77 P. 767

SOUTHERN CALIFORNIA INVESTMENT COMPANY, Appellant, v. GEORGE WILSHIRE et al., Respondents.

L.A. No. 1252.Supreme Court of California, Department One.
July 7, 1904.

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APPEAL from a judgment of the Superior Court of San Bernardino County and from an order denying a new trial. John L. Campbell, Judge.

The facts are stated in the opinion of the court.

Byron Waters, and Waters Wylie, and W.S. Goodfellow, for Appellant.

Curtis Otis, George Otis, W.J. Curtis, and Otis Gregg, for Respondents.

SHAW, J.

The complaint states a cause of action to quiet the alleged title of plaintiff to the use of all the waters of a certain stream in San Bernardino County known as Edgar Creek. The answer denies plaintiff’s title and sets forth the title of defendants. The plaintiff appeals from the judgment and from an order denying its motion for a new trial.

Upon the appeal from the order denying the motion for a new trial, plaintiff assigns as error the insufficiency of the evidence to justify several of the findings. Upon an examination of the record we find that there is sufficient evidence tending to support the respective findings to bring the case within the rule that this court cannot disturb the decision of the court below upon questions of fact depending upon conflicting evidence. The testimony is voluminous and of the character usually given upon contests relating to title by prescription. It would serve no useful purpose to discuss it in detail.

We are of the opinion that the judgment, in certain particulars, is not supported by the findings, and that it must in consequences thereof be modified.

The prayer of the complaint is that all the adverse claims of the defendants, or either of them, to the waters be determined, and that they and each of them be enjoined from asserting any claim to any part of the waters of the stream

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adverse to the plaintiff. The defendants allege that they and their predecessors in interest are, and for years have been, the owners of a large body of land situate upon the creek some three or four miles above the land of the plaintiff; that they have the right to use the water thereon as riparian proprietors, by reason of the fact that the creek flows through the land described, and that they have the further right to the use of all of said water flowing through their land, for irrigation, domestic use, and the watering of stock upon the said lands, by virtue of an appropriation and continuous adverse use thereunder. The complaint does not state the nature of the plaintiff’s right to the water, whether by virtue of a riparian right or a prescriptive right. Upon the issues thus presented it was the duty of the court to determine and in its judgment declare the extent of the right of the defendants as well as that of the plaintiff.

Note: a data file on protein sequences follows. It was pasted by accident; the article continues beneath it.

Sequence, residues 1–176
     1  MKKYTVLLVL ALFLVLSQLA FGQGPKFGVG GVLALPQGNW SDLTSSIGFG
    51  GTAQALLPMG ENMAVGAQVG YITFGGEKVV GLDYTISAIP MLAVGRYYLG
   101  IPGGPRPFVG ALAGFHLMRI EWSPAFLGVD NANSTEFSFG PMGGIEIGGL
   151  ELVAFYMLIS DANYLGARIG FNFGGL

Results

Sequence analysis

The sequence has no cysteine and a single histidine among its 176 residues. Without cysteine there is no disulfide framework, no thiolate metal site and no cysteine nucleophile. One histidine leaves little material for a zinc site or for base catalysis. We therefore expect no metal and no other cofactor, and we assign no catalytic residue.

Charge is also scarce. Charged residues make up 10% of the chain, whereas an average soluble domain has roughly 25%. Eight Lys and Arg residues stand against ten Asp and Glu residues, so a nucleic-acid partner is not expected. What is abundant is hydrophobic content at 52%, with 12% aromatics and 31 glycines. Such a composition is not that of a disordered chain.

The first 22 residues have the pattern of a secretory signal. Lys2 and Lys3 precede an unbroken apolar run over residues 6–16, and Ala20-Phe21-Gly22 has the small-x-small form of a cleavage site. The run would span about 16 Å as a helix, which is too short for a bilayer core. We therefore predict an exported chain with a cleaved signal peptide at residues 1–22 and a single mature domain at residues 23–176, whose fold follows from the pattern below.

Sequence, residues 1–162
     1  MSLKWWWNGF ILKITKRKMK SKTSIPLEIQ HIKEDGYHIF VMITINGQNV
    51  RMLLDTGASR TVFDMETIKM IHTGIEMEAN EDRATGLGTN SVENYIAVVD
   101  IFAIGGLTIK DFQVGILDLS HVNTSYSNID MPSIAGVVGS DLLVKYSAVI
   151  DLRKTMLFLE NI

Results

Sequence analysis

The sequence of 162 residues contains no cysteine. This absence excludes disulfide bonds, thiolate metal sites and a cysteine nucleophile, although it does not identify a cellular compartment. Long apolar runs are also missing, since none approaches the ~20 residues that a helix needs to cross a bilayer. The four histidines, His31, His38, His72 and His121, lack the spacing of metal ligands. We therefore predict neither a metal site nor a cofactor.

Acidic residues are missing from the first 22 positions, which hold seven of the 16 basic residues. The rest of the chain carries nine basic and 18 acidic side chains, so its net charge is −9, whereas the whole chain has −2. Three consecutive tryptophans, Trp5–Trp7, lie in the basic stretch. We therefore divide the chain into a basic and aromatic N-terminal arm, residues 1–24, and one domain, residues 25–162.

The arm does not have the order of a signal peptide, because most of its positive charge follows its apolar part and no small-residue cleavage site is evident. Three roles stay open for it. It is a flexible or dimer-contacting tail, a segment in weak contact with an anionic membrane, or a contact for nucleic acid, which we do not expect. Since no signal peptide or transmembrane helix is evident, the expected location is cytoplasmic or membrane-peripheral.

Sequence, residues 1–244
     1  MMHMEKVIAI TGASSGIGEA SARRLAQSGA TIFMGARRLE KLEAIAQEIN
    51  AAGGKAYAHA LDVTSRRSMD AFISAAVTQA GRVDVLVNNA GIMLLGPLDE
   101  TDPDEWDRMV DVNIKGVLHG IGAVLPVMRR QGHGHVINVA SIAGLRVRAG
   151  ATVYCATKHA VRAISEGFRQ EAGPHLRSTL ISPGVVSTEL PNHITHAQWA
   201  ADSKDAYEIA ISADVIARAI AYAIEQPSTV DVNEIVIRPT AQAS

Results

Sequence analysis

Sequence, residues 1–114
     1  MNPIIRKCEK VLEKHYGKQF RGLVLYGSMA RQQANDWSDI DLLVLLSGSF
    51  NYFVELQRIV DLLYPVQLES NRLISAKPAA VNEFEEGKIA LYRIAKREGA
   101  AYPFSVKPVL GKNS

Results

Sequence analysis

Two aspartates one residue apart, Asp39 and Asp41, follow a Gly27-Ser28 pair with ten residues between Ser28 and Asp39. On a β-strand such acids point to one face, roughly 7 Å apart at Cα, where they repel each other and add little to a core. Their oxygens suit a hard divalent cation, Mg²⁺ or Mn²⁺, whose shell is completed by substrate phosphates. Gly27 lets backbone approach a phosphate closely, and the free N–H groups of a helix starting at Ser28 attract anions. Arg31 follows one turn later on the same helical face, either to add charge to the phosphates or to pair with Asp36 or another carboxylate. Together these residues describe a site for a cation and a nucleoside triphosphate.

The court finds that the plaintiff was also the owner of some three hundred and twenty acres of land situated upon the creek, and with respect to the riparian rights in the waters it finds that both the plaintiff and the defendants have the right to use the waters of the stream as riparian proprietors, in proportion to the respective ownership of lands on the stream owned by them respectively, in common with the other owners of land situated along the stream having similar rights, but that these riparian rights, both of the plaintiff and defendants, are subject to the prescriptive rights in the water found to be owned by the plaintiff and defendants respectively. It further finds that the plaintiff is the owner and entitled to the use of all that portion of the flow of the creek and of the waters thereof rising and customarily flowing in the creek after the defendants’ rights to said stream have been fully satisfied, and not otherwise. This finding, we understand, refers to the plaintiff’s right by virtue of appropriation and prescription. With respect to the prescriptive rights of the defendants the court finds that the defendants are the owners of the right to the use of all the surface waters of the creek flowing at the upper boundary of their land, for the purpose of irrigation and domestic use upon said land.

The judgment declares that plaintiff and defendants are riparian proprietors upon the stream, and have, respectively, the right to use the water of the stream “proportionately to

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the frontage of their lands upon the said stream, considered with regard to the whole frontage of land upon said stream”; that the defendants are the owners and entitled to the full, free, and uninterrupted use and enjoyment of all the surface waters of the creek flowing at their point of diversion near the north line of their lands; that the plaintiff is entitled to all the waters of the stream customarily flowing in the stream at its dam, a short distance above its land, where the ditch begins by which it acquired the prescriptive right referred to in the findings, and that all the rights of the plaintiff in the waters of the stream are subject and subordinate to the prescriptive rights therein adjudged to be owned by the defendants.